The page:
“I want to reassure those postal voters affected that if they have not yet returned their postal votes they should still do so. We have taken all the necessary steps to ensure the postal votes are valid and will be counted. I apologise for the error but want to reassure postal voters that they should still complete their postal voting statements and return their postal voting envelopes back to me for validating as part of the normal postal voting process.

“To be valid, a postal vote has to be accompanied by a valid postal voting statement containing the voters date of birth and signature. After these are checked, the envelope containing the postal voting slip is opened and the slip is put into a sealed ballot box where it is kept safe until the formal count. My postal vote opening teams will ensure that all validly completed postal votes are double checked so that they will go forward to the count along with all the other votes that will be cast on polling day itself.”

But calls have been made for Mr Williams to resign from his post after the ‘unforgiveable mistake’ and the chairman of the East Devon Alliance has said they are appalled that Mark Williams is even in his post to be able to commit this unforgivable mistake after the ‘disaster’ of the 2015 elections, in which Parliamentary, District and Town council elections were all held on the same day.

The Electoral Commission have been informed of the postal voting error.

But the ‘cock-up’ has left Paul Arnott, chairman of the East Devon Alliance, furious, and said that he would have more confidence in a village raffle than in Mr Williams running the forthcoming election.

Mr Arnott said: “The East Devon Alliance is appalled that Mark Williams is even in his post to be able to commit this unforgivable mistake. In 2015, after the debacle of the elections for town, district and Parliament, we wrote a measured report, in which our concerns included his prematurely calling results at his chaotic count for district elections with no reference to candidates or agents even when majorities were easily within the need for a recount.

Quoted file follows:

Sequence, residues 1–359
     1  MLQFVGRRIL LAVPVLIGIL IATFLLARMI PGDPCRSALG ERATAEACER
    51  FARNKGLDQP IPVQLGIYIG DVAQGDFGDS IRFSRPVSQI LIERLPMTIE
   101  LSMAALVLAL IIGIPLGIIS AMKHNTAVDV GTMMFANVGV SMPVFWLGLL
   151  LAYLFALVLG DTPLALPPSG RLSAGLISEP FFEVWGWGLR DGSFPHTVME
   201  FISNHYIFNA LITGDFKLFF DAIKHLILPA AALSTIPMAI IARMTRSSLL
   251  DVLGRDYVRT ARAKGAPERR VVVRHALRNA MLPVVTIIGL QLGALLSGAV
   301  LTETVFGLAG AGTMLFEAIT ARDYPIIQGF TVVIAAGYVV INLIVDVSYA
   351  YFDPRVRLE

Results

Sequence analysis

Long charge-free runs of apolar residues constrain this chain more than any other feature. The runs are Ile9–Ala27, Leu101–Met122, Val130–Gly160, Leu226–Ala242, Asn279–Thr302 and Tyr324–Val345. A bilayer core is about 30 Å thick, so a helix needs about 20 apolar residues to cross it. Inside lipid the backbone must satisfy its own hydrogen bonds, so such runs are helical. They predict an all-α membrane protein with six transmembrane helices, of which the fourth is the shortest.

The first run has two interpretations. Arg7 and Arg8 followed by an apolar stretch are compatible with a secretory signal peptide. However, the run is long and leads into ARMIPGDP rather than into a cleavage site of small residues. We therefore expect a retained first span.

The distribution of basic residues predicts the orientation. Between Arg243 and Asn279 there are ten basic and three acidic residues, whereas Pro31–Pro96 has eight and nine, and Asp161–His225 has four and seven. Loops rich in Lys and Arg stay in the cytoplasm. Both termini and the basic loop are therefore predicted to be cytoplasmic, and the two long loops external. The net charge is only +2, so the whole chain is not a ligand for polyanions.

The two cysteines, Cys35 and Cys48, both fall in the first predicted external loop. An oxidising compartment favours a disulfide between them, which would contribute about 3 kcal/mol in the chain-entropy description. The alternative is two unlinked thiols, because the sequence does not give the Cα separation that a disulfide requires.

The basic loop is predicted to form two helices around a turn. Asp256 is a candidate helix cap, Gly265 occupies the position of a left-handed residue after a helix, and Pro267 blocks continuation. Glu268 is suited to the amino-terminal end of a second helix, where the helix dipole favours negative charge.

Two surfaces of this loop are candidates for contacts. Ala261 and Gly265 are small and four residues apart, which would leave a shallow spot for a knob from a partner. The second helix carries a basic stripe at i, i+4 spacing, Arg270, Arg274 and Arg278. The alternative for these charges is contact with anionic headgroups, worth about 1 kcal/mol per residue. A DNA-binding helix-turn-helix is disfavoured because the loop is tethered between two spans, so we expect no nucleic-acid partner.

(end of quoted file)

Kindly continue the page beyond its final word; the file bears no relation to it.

“As a result we are not confident that two current serving councillors were duly elected. He had no control over who was at the count itself, and we know about the 2015 disaster with the postal vote. All our concerns in 2015 were mirrored by a report from the Elecotral Commission.

“As a result, I was successful this year in demanding that the County Solicitor’s office and the Electoral Commission observed the County election last month. Under this level of scrutiny the conduct of the 2017 county election was unrecognisable from the disgrace of 2015.

“Now we are witnessing the final tragedy for democracy in East Devon because Mr Williams remains in position to make what must be his final mistake.

“How is the electorate meant to trust that he forgot to check before sending out no fewer than 9,000 postal votes that they did not bear any proper markings? It’s his job to check them and to have a commissioning relationship with the printers.

“How did these ballot papers, which frankly any of us could have run off from a home printer, ever get to be created? This must be the last election he ever runs and we will be issuing a report on this and take it to the highest level. The dog has eaten his homework for the last time.

“Meanwhile the only honourable act for Mr Williams himself is to resign from all future electoral activities, including voter registration, his laxity in which was condemned by a committee in Parliament. I never thought I would live to be a 55-year-old citizen of one of the most beautiful parts of the world and be unable to assure my children that they are able to trust the electoral processes here anymore than in some underfunded and unfortunate part of the developing world.”

A spokesman for East Devon District Council said that the mistake was ‘simply the result of human error for which we apologise’.

They added: “A total of 9,000 postal votes were involved but as we have outlined in our statement the issue has been remedied. We want to reassure those postal voters affected that if they have not yet returned their postal votes they should still do so as we have taken all the necessary steps to ensure the postal votes are valid and will be counted.”

A spokesman for the Electoral Commission said: “The Electoral Commission is aware of the issue surrounding postal ballot papers in East Devon which were issued without an official mark. We were contacted by the Acting Returning Officer and provided advice, and steps have been taken to ensure that these ballot papers will still be counted and nobody will be disenfranchised in the UK Parliamentary General Election.”